How to Find Participants for Your Faith & Finances Class

July 1, 2019 /
Faith & Finances Class

You’re ready to start your first Faith & Finances class. All your planning and preparation is about to pay off! What’s next? Inviting the right people to participate!

Finding folks to join your class can be a challenge, especially if your church or ministry doesn’t have existing connections with people who can benefit from Faith & Finances. But there are a few things you can do to get the word out.

Before we get to that, how many people should you try to invite? The “ideal” class size is 10-12 participants—that’s enough people to foster lively discussion but not so many that people get lost.

In our experience, the average Faith & Finances class graduates about 7 people. So it’s important to invite about double the number of folks you want—about 20-30 people. Don’t be discouraged if a few people don’t show up or don’t make it all the way through the class.

Hopefully, you’ve already had a few people sign up for your first Faith & Finances class. But maybe you want to invite more people! Here are a few pointers:

  • Use existing connections. Use relational networks to spread the message about Faith & Finances, and take the time to talk to potential participants face-to-face about their interest. Who are you already talking to who could benefit from Faith & Finances? For example, is your church already involved in ministry with single moms? Do your deacons regularly meet with people asking for help paying bills?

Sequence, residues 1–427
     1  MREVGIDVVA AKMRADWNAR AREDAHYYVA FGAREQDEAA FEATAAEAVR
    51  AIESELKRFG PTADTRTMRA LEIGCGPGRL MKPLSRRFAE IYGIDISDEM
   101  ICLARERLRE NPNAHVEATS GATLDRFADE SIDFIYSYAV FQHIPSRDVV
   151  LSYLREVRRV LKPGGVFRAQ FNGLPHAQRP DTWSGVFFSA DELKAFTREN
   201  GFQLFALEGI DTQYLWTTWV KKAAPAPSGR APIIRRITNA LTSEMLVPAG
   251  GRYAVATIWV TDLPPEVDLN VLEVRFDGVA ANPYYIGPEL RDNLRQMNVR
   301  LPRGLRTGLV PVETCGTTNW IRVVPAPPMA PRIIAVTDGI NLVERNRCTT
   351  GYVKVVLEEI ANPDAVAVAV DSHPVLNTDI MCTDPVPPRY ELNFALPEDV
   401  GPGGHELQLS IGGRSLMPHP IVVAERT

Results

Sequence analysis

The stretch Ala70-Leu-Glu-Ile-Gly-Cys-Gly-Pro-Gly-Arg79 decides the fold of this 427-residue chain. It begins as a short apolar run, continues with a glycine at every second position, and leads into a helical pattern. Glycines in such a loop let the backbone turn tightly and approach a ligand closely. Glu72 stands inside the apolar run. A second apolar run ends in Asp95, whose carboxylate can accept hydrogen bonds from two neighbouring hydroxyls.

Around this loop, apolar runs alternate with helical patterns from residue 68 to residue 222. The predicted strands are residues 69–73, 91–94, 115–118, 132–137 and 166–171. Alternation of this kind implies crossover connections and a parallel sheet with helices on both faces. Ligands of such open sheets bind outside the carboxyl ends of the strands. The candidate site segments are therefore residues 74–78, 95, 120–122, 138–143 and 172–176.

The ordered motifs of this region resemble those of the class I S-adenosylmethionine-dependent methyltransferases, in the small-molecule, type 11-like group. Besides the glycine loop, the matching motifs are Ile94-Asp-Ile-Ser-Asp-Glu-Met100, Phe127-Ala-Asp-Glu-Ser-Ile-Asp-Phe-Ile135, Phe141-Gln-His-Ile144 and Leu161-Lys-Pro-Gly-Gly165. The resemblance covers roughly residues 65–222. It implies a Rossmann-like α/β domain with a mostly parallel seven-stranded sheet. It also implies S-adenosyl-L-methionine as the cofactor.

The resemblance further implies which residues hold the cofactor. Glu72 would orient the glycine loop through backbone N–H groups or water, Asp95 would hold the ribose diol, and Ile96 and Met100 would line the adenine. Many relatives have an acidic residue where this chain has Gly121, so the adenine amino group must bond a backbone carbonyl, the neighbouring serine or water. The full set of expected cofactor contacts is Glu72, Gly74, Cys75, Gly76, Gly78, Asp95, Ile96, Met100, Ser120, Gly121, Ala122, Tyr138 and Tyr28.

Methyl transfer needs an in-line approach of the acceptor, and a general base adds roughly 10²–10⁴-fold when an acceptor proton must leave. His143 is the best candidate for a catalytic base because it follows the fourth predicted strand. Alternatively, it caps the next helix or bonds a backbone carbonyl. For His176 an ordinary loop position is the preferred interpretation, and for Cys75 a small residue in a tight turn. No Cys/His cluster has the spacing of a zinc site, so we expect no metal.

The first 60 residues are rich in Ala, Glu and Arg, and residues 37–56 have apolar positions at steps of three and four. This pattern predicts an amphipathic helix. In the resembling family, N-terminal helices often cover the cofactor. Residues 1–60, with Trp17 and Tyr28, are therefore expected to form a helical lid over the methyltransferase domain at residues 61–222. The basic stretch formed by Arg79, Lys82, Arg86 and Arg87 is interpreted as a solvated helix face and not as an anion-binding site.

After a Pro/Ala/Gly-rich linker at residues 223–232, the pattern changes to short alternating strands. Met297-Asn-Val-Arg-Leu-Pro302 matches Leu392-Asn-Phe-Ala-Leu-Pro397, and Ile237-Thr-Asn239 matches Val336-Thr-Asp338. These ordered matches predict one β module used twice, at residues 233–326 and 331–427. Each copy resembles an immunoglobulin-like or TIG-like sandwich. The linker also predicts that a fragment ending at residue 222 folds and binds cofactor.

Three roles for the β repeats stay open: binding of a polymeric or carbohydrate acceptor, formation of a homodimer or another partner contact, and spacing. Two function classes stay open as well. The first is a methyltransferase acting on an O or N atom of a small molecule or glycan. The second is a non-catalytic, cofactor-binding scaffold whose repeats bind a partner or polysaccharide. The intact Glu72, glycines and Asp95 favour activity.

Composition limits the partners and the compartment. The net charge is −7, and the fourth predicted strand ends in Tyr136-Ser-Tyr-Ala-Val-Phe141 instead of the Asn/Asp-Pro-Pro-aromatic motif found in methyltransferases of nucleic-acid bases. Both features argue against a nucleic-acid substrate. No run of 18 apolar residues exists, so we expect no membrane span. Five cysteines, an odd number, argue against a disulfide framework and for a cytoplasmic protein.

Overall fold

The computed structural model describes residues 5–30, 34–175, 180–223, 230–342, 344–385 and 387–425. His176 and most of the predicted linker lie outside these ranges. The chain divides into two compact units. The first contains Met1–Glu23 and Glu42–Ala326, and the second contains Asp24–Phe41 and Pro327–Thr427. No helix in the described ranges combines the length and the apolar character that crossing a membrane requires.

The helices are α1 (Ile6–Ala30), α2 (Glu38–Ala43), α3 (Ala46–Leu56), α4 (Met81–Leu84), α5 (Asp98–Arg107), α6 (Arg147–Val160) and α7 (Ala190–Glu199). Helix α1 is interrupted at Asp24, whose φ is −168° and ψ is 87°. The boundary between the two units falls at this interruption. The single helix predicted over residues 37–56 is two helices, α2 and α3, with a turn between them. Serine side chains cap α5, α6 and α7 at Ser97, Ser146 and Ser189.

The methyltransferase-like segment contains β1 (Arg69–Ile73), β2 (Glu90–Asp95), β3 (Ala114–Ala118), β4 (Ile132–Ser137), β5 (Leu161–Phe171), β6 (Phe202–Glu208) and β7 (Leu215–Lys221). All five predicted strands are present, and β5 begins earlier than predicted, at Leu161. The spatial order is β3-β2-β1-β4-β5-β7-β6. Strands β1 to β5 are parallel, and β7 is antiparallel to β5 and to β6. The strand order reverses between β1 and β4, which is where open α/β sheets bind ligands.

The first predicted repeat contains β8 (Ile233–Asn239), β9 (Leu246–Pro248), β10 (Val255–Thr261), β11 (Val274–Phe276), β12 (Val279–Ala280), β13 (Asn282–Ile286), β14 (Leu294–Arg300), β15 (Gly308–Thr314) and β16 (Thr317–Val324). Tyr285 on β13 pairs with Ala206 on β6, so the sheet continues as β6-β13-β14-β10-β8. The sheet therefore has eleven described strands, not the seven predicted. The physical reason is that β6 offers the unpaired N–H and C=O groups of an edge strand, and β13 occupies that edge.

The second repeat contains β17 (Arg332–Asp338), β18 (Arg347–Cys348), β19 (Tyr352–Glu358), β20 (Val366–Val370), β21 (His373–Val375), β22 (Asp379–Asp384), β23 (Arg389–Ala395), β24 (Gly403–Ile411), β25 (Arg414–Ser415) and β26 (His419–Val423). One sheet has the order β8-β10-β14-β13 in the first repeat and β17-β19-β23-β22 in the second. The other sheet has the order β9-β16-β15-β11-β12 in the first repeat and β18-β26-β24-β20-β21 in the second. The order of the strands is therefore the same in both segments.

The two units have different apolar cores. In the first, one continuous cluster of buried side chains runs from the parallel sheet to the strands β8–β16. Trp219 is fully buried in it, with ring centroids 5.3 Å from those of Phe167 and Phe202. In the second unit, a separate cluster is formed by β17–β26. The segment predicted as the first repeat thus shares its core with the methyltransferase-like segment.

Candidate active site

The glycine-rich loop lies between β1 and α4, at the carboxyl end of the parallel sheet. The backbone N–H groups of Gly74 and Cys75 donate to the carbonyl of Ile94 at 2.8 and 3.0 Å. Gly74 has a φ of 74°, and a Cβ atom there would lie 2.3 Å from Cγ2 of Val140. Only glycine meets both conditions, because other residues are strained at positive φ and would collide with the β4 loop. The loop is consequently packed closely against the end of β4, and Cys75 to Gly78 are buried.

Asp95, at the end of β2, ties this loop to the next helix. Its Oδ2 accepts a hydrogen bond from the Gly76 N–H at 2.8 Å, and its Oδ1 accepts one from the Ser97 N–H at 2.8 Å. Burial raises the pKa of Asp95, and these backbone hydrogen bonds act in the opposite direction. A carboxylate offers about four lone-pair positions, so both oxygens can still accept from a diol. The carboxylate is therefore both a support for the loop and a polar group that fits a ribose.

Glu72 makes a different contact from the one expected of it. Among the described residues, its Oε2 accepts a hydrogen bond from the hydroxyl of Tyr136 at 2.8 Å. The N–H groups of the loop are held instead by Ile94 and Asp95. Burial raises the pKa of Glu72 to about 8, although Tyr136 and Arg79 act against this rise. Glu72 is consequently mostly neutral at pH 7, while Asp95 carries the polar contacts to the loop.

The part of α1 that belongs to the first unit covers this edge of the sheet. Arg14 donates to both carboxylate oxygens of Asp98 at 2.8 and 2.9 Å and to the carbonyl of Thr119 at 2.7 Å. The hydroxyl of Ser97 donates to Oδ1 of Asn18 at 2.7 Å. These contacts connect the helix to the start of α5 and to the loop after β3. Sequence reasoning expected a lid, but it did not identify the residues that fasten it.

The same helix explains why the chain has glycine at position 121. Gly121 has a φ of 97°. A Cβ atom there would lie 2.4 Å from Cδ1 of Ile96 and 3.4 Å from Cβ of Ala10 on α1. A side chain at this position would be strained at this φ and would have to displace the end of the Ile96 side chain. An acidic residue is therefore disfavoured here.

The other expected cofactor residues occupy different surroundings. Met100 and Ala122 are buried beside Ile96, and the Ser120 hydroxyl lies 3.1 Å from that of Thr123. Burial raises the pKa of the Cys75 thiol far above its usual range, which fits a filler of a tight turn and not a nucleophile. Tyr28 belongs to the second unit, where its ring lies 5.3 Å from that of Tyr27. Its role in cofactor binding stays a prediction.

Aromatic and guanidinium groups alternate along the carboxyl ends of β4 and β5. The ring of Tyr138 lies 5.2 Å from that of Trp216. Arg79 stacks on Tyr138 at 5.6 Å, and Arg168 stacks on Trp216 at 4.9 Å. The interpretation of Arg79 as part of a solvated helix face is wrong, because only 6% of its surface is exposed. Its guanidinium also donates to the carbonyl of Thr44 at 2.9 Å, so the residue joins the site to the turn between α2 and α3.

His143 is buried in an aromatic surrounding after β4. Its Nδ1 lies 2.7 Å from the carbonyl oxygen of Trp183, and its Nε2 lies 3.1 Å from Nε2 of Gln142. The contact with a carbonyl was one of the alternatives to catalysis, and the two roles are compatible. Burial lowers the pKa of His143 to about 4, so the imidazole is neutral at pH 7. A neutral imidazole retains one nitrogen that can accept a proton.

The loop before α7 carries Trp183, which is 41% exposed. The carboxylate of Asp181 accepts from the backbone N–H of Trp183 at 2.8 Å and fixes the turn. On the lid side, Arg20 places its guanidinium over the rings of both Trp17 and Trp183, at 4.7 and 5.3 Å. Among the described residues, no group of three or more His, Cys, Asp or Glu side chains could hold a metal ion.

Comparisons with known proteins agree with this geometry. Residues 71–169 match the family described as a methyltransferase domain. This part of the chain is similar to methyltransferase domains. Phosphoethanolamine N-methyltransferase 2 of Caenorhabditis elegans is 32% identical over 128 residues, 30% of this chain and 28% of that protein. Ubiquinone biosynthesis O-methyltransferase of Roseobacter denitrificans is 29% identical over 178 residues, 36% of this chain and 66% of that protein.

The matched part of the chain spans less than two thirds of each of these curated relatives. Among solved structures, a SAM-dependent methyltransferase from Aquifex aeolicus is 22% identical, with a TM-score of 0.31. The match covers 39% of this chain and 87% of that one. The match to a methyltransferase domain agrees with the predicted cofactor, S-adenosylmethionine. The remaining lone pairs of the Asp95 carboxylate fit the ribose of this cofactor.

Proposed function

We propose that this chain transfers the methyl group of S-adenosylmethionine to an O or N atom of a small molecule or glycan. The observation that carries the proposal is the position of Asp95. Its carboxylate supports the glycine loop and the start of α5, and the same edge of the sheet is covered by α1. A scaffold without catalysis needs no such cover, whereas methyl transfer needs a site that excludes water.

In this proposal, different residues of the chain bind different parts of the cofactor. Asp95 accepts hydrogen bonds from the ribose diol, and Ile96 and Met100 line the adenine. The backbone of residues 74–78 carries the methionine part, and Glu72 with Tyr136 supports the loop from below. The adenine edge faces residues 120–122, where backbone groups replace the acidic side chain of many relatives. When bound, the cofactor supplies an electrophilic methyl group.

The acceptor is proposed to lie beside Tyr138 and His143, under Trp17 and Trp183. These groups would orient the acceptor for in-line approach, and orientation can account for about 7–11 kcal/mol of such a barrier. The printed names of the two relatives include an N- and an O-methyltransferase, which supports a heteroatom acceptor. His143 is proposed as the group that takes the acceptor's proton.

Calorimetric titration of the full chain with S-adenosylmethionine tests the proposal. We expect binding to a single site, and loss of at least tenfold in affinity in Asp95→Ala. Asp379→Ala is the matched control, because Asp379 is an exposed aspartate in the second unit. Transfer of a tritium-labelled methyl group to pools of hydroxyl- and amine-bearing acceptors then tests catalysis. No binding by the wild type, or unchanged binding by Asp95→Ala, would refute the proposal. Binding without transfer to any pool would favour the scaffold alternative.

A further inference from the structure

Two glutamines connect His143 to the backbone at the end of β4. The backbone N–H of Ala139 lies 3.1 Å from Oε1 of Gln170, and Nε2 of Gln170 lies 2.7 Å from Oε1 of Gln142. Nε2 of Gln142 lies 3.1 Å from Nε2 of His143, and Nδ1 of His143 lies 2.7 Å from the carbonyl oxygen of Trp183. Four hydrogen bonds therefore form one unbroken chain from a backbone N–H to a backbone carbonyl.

• Consider when you host your class. Timing matters. Don’t start your class before the holidays or summer break. Schedule your class on a day and time that people can attend even if they’re working.
  • Recruit by word of mouth. Don’t rely on written marketing alone to promote your Faith & Finances class. Word-of-mouth is the best way to get the message out about financial education programs in an inclusive and accessible way, especially for people with low levels of literacy or people who come from oral cultures.
  • Focus on existing allies. When participants show interest in joining your Faith & Finances course, ask them to identify a friend, mentor, sibling, or parent who can attend the course with them and serve as an ally. Participants are less likely to drop out when things get tough if a supportive person is walking alongside them.
  • Make it easy to say yes. Meals and childcare are essential for working people to attend the class. Dinner provides an incentive to come after a long day of work (if on a weeknight), and informal meals strengthen relationships and allow participants to build rapport as they work through difficult financial issues together. Childcare provides a safe place for parents to leave children during class time.
  • Charge admission. Charging each participant a small fee encourages participants to value the learning. The Chalmers Center does not mandate a cost, but we do believe that asking people to pay empowers them and affirms their dignity, introducing early on the concept of ownership and investing. Practically speaking, $10-20 is a reasonable price to pay for education, course materials, childcare, and meals over 12 weeks.

We’ve created a whole kit of materials to help you promote your class to potential volunteers and participants. Download it here!

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